Pro-remain Tories were threatening a fresh Commons rebellion as Theresa May ended a marathon meeting of her Brexit war cabinet on Thursday night.
The eight-hour meeting at Chequers was called to agree solid positions on EU withdrawal ahead of a fresh round of talks with the bloc, but it was unclear if there was a major breakthrough.
Squabbling ministers could be the least of the Prime Minister’s woes, however, as it was discovered Conservative backbenchers were plotting to challenge May in Parliament over keeping a customs union with the EU.
Remainer rebel Anna Soubry revealed on Twitter she had cross-party support for a new amendment to the Government’s trade bill which would mandate the UK to form a customs union with Brussels after Brexit.
Just hours before Soubry went public, Shadow Foreign Secretary Emily Thornberry said her party supported a customs union that would look “pretty much like” the current one after withdrawal.
Soubry said she had widespread support for her move, tweeting: “It would be in the national interest if the Government & official Opposition also backed it.”
The Chequers “away day” saw the inner Cabinet committee discuss the impact of Brexit on the automotive sector, agri-foods, digital trade, as well as the overall future economic partnership the UK is seeking to reach with the EU.
May will set out the Brexit agenda in a major speech next week following a meeting of the full Cabinet.
Labour leader Jeremy Corbyn is also to unveil a competing vision of how Brexit should work in what is being billed as a significant address on Monday, after some backbenchers called for more clarity from the leadership.
Thornberry said Labour favoured the UK jointly negotiating new trade deals with the EU, telling LBC: “Technically, because we are leaving the European Union we can’t be in the customs union that we are in now.
“So, we leave and then we have to negotiate a new agreement. That we think is likely to be a customs union that will look pretty much like the current customs union.”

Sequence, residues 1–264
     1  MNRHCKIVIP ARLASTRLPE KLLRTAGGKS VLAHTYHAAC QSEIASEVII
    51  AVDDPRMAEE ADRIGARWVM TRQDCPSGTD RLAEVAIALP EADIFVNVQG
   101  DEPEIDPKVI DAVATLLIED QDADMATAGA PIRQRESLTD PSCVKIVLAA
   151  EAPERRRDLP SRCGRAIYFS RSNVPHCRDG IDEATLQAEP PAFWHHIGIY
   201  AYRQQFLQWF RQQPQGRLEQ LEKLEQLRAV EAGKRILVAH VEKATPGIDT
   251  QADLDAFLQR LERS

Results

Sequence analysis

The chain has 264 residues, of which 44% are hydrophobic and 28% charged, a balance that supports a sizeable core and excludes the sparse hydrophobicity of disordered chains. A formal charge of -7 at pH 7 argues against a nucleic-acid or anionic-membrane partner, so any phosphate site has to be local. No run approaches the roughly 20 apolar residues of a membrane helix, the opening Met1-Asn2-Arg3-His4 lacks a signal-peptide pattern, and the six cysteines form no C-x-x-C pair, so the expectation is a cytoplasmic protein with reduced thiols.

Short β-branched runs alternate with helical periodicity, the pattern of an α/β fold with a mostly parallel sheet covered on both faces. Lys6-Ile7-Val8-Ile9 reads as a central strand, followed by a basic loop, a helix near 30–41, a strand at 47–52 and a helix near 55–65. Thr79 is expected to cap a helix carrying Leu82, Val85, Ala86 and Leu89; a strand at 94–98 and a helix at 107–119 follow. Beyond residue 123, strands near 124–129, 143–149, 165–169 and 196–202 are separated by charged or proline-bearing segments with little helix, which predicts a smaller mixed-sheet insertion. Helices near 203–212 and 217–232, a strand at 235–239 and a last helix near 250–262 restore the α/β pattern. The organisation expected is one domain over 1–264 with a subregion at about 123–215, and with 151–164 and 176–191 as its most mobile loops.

The trade bill is not expected to be debated by MPs until after Easter.
According to reports, the Chequers meet saw ministers agree on the phrase “managed divergence” to describe the nature of EU withdrawal and that the UK’s opening position would be to seek mutual recognition on goods standards.
It is thought the UK will suggest a dispute settlement mechanism, which is not the European Court of Justice, which will manage the process of divergence.
After the meet at the country retreat, however, Twitter was awash with briefing and counter-briefing from government sources with Brexiteer and Remainer sources both claiming victory.
The lengthy Chequers meeting included dinner which consisted of a starter of cream of sweetcorn soup, ham hock croquette and cured duck and egg yolk, followed by a main course of slow braised Guinness short rib of Dexter beef with onions, parsnip mash and root vegetables, with a dessert of lemon tart with raspberry sorbet and fresh raspberries.
Labour’s Shadow Brexit Secretary Keir Starmer, meanwhile, chimed in when the BBC’s Nick Robinson pondered what happened in the room.